Personal view: In the moments following Donald Trump’s missile strike on a Syrian government airbase in response to a chemical weapons attack on Thursday, voices from within the Syrian conflict and around the world rose in condemnation and praise. Some of those who suffered the tyranny of Syrian president Bashar al Assad couldn’t help but applaud the strike. To these Syrians, the reflexive denouncing of Trump’s action shows how little some observers understand the complexity of the Syrian situation. Dismissing the move as imperialist intervention means minimizing the role the Syrian military has played in the conflict. One of the central elements of the war is that the one force that should have been safeguarding Syrian lives—the country’s army—is the one killing them.
Remember that the war began in 2011 after Assad sent tanks in response to an initially peaceful uprising in city of Dara’a. This was one of several places where civilians flooded the streets daily to protest against the government and its oppressive policies. As a result, Dara’a was placed under a siege for weeks, a brutal method of punishing and suppressing civil dissent.
The government’s perpetuation of repressive tactics across Syria further exposed that the country’s leaders were not concerned with Syrian interests, but their own narrow need to hold on to power. Soldiers were commanded to open fire at peaceful protesters, arrest activists, and close down entire cities, towns, and villages. As this mass violence was perpetuated by the government, some officers defected from the military, later forming the armed opposition.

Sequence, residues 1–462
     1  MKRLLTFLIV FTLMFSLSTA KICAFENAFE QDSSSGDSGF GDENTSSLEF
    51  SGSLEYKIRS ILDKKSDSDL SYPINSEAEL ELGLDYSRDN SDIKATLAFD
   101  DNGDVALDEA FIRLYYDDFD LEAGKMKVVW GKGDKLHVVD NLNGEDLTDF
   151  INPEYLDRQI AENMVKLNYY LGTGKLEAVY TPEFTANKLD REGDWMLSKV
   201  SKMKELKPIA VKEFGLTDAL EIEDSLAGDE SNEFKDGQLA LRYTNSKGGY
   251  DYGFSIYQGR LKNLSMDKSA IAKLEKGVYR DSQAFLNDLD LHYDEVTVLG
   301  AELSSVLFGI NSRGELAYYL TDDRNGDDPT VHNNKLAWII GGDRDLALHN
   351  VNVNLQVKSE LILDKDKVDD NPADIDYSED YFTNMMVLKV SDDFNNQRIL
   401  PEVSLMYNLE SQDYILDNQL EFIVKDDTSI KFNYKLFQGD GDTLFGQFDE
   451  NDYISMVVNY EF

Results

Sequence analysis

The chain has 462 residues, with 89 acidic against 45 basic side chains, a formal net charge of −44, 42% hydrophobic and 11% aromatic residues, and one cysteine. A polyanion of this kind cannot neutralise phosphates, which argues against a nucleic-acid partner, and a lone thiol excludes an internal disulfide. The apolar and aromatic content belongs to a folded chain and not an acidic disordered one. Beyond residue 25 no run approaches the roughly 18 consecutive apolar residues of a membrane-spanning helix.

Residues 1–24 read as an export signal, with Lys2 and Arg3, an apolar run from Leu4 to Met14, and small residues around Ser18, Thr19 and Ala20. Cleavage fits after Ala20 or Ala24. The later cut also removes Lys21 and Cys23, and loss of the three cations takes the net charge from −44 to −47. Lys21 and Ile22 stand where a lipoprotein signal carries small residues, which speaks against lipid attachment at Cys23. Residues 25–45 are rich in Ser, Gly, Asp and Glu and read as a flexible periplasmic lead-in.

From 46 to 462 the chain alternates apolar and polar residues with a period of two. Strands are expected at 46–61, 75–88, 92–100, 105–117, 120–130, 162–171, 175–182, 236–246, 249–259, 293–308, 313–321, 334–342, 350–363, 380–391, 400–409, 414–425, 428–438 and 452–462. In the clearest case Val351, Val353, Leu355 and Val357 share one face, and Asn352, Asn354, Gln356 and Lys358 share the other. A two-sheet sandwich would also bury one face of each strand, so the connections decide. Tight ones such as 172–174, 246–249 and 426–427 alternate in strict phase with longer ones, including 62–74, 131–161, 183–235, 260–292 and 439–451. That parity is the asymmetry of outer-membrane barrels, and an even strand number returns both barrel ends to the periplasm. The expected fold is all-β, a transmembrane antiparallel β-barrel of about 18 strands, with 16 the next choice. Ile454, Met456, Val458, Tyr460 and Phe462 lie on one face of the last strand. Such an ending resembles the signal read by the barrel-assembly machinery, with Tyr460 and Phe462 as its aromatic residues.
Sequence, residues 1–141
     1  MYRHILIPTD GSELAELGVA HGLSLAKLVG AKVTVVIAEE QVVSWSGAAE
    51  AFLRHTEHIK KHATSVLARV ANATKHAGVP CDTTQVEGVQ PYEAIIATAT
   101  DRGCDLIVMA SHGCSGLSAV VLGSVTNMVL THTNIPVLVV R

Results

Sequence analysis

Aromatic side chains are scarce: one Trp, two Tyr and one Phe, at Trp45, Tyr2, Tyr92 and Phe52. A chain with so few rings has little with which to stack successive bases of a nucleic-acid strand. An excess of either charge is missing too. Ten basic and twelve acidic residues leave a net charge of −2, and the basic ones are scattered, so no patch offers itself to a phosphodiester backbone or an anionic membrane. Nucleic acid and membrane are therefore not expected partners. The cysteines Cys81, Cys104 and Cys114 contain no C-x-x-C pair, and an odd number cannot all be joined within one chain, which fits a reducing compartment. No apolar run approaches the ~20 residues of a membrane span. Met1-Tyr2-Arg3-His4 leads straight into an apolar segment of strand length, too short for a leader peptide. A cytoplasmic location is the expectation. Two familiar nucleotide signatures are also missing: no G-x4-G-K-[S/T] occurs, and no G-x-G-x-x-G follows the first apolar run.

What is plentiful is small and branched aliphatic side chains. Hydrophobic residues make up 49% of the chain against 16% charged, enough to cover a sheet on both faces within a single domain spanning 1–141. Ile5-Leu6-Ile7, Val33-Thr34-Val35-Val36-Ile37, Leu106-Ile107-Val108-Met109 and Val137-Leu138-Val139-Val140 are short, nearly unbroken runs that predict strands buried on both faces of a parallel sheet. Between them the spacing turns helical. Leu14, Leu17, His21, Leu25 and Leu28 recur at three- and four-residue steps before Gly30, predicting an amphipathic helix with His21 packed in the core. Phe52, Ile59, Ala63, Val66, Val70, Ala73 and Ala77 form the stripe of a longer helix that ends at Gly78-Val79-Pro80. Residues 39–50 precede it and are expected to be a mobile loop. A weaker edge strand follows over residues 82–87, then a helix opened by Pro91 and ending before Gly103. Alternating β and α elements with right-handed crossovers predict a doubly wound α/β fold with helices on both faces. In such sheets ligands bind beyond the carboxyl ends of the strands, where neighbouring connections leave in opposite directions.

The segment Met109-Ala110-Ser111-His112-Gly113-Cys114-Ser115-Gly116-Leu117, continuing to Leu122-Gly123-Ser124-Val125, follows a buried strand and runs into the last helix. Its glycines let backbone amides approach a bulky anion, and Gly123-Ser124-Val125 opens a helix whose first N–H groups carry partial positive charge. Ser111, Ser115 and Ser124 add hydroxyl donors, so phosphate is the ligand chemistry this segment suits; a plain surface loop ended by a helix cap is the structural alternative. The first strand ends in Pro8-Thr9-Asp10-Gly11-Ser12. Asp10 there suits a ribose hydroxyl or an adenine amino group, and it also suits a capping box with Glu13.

In 2011, I was one of the thousands, maybe millions, of Syrians who joined the nonviolent demonstrations against the injustices of Assad’s government. I still remember how, at the beginning, we were naïve enough to believe that the Syrian army would take the side of the uprisings and protect this movement and the people. But as we all know, of course, the opposite happened. We were faced with live bullets and bore the brunt of the army’s brutality.
We were deemed terrorists and traitors, told that we deserve to be killed for raising our voice against the president. The forces who were so callously attacking us grew up believing that Assad and his father, Hafez, were some sort of gods, and that whoever expresses disloyalty against these deities deserves to be shot dead without even a trial.
The horror and the fear of the army wasn’t felt just during the demonstrations. I remember how my heart dropped every time we stopped on a government checkpoint. I had to delete messages constantly, because soldiers had the right to go through our phones and laptops to make sure we were not participating in any anti-government activities.